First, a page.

STARCHES (COMPLEX CARBOHYDRATES)
by Dr. Lawrence Wilson
© January 2019, L.D. Wilson Consultants, Inc.
information in this article is for educational purposes only. It is not for the diagnosis, treatment,
prescription or cure of any disease or health condition.
are “fuel” foods for our bodies.
They are of two basic types:
Sugars. These are also called simple carbohydrates. They are quite simple molecules. Their names include glucose, fructose,
maltose, sucrose and others. They
are among the most basic of human foods.
Starches. These are also called complex carbohydrates. They are made up of groups of
sugars that are bound tightly together.
Their structure is more complex, and during digestion they break down
is about starches. A separate article
discusses simple carbohydrates and is entitled Sugars.
staple foods for people around the world.
Some are very good foods, while others that are refined and processed
are not good foods today. Among
the best are blue corn chips, and starchy vegetables such as carrots, onions,
and rutabagas. Other healthful
starches are oatmeal, quinoa, millet, and amaranth. We don’t recommend much rice at this time. For details, read Rice Is Contaminated
FOODS CONTAIN A LOT OF STARCH OR COMPLEX CARBOHYDRATES?
that are high in starches are:
1. Grains such as rice, corn, wheat, oats,
barley, rye, millet, and others.
This means that all breads, pastries, cookies, cakes, pasta, spaghetti,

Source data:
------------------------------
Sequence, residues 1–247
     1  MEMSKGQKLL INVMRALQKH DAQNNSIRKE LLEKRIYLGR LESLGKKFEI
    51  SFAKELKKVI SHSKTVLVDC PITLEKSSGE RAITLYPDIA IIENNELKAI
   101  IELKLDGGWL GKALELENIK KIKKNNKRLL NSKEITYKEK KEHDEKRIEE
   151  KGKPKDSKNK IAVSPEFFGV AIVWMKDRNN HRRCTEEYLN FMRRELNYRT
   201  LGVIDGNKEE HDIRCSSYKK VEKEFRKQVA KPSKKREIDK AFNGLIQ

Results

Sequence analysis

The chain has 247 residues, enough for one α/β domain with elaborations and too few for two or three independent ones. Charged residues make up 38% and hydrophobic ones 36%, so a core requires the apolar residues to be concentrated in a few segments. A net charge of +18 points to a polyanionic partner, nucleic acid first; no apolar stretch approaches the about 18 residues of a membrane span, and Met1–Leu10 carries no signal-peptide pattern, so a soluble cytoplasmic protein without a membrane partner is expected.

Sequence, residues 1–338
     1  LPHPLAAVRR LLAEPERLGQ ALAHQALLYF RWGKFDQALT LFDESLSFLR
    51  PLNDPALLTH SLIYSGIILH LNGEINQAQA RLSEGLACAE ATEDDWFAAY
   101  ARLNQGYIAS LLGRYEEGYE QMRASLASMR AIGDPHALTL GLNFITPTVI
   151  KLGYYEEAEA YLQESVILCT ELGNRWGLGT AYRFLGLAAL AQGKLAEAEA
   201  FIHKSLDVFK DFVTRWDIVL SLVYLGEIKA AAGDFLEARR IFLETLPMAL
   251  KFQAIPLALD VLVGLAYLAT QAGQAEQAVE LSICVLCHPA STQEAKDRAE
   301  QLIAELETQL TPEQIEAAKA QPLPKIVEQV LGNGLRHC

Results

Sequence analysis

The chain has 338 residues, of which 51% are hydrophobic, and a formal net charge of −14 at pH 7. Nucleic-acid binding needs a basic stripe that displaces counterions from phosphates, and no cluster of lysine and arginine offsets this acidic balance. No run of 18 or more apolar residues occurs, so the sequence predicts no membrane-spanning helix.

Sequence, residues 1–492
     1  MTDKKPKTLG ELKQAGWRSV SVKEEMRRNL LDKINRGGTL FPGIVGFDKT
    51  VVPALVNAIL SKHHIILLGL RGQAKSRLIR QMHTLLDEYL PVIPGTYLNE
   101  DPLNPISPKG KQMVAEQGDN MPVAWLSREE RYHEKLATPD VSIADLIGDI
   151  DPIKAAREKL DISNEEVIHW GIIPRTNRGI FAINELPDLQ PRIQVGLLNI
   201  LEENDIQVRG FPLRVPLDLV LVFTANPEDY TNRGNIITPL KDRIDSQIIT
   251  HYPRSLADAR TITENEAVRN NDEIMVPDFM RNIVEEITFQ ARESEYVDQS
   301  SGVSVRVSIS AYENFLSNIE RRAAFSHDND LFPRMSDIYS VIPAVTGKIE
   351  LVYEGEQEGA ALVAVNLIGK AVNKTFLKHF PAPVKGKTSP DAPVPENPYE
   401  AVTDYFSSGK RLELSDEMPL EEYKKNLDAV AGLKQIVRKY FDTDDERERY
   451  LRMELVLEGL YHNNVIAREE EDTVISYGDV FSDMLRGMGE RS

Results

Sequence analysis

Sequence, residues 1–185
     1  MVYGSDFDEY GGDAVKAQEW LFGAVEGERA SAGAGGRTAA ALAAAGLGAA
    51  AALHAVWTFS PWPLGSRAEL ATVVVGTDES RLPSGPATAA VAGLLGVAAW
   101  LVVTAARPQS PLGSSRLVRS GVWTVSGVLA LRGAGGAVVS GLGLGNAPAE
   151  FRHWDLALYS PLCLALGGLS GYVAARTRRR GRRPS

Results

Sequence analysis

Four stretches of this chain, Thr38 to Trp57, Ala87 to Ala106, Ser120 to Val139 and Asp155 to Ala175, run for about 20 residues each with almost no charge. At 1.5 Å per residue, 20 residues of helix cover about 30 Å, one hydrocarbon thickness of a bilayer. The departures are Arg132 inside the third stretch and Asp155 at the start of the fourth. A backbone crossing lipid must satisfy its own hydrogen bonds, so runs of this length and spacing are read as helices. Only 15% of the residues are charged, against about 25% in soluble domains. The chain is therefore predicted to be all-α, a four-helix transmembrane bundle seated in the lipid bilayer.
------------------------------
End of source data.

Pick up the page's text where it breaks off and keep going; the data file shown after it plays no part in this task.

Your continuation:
potato and corn chips, French fries, doughy foods, deep fried foods, noodles,
and pie crusts tend to be very starchy foods.
2. Starchy vegetables such as potatoes,
sweet potatoes, yams, carrots, parsnips and to some degree onions.
3. Dried beans such as pinto beans,
lentils, garbanzo beans, black beans, navy beans, black-eyed peas, red beans, aduki beans and many others eaten around the world.
REQUIRE GOOD DIGESTION
require a few hours to digest. This
is because the starch has to be broken down into sugars in the stomach and the
DO COMPLEX CARBOHYDRATES COME FROM?
all of our food comes from the sun and the soil. Plants and animals, to a degree, are able to absorb solar
energy and then transform it into a form that we can use to nourish and power
our bodies. These chemical forms
are called sugars, starches, proteins and fats.
important group of starches are the cereal grains. The most common grain in Western societies is wheat, which
the bible calls “staff of life”.
It is used in bread, pasta, pizza dough and pastries. It is also the main ingredient in
cakes, cookies, as a thickener and as breading for fried food.
grains include corn, rice, rye and barley. Others are millet, oats, buckwheat and some less known ones
such as quinoa, spelt, amaranth and kamut. These are the primary energy foods or
staples for most civilizations on earth.
For example, rice is the major food eaten in China, while corn is eaten
widely in Latin America.
Thousands of varieties of cereal grains are grown around the world. They are versatile, hardy crops that
can be grown in a variety of climates and soils. They literally sustain mankind in many parts of the planet.
grains can be extremely nutritious foods if they are not overly processed or
refined. However, most today are
refined. Let us discuss what this
means in practice.
Today, most cereal